Insight News

Feb 10th

Court rules against Minnesota School of Science

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mss-kidsA last minute rally of parents, students and staff was not enough to keep the Minnesota School of Science in its north Minneapolis home.

A Hennepin County judge ruled that the charter school educating nearly 300 students grades kindergarten through seven must vacate its home of two years; the Cityview building located at 3350 4th St. N. The ruling, effective Wednesday, Aug. 7, has the fate of the charter school in limbo as the school must either quickly find another location or come to an agreement with its current landlord, Minneapolis Public Schools (MPS).

mss-schoolMSP earlier attempted to evict the Minnesota School of Science for violating the lease agreement through nonpayment. Officials with the charter school maintained it lived up it its payment agreement and it was the state that did not make payment. According to those with the Minnesota School of Science, the school was only required to pay 10 percent of the total lease and the state was to pick up the remaining 90 percent, but the state never made good on its end of the deal.

“We paid our 10 percent,” said Dr. Rosilyn Carroll, Minnesota School of Science board member. “The lease says 90 percent was to be paid by the state. The state is the one who hasn’t paid. We’ve paid more than $70,000 in just building maintenance (in addition to the 10 percent lease).”

Carroll said if the school is forced to close for good she fears for the success of the current charter school students.

“Minneapolis Public Schools is trying to stop us from having our children succeed – especially children who look like me,” said Carroll, who is African-American. Eighty-five percent of the students at Minnesota School of Science are African-American. “The children deserve better than what Minneapolis Public Schools is offering.”

Arlene Rush, who has three children enrolled at Minnesota School of Science said she too fears for her children’s education if they are unable to continue with the charter school.

“I want to keep the school in north Minneapolis and to continue to provide the excellent education my kids are receiving,” said Rush, who has a 2nd grader, 1st grader and kindergartener enrolled with Minnesota School of Science. “My fear would be taking them into a new environment where they may not have the same advantages. Here teachers have an honest dedication to providing quality education to the children.”

Rush said prior to enrolling her children in Minnesota School of Science one of her sons had a speech impediment and public school officials suggested he be placed in special education classes, but he has flourished at the charter school.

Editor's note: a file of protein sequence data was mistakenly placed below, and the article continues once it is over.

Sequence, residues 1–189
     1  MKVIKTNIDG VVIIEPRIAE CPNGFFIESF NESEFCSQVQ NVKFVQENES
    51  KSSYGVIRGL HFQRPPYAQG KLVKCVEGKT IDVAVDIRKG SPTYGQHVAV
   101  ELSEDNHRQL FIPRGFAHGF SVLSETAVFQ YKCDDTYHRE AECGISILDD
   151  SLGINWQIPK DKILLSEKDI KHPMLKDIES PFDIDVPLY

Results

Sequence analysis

“They told me he needed to be in special education classes, but that’s clearly not the case,” said Rush. “He’s really engaged in reading and I’m amazed Minnesota School of Science was able to do that.”

Officials with Minneapolis Public Schools said they had little choice but to evict the charter school from its property.

“As MPS stated to the court, it is unfair to expect Minneapolis students and taxpayers to subsidize the operations of a charter school,” said the district in a statement released to Insight News. “No one could reasonably expect to stay in a building for two years without paying the costs of the building’s operation. Throughout the proceeding, MPS gave MSS (Minnesota School of Science) every chance to stay in the Cityview building, provided they pay for the amount they owe and agree to a fair rent for the coming year.”

Following the ruling, Minnesota School of Science released a statement voicing displeasure with the court decision.

The statement read, “Like the families and students we serve, we are absolutely devastated. In just two years we have transformed the lives of hundreds of north Minneapolis students who, prior to MSS, had little or no viable options for quality education. It is a sad day when the political agendas of adults trump the fundamental right of a child’s education. For now, we are considering what options might be left to us to continue educating our children and their families. We hold their needs as our top priority.”

District officials said they are committed to working with parents of students in the charter school to find alternative schools within the district. The district had hoped to have programming inside the Cityview location but citing the lengthy litigation, the district will wait until the 2014-15 school year to initiate programming inside the building.


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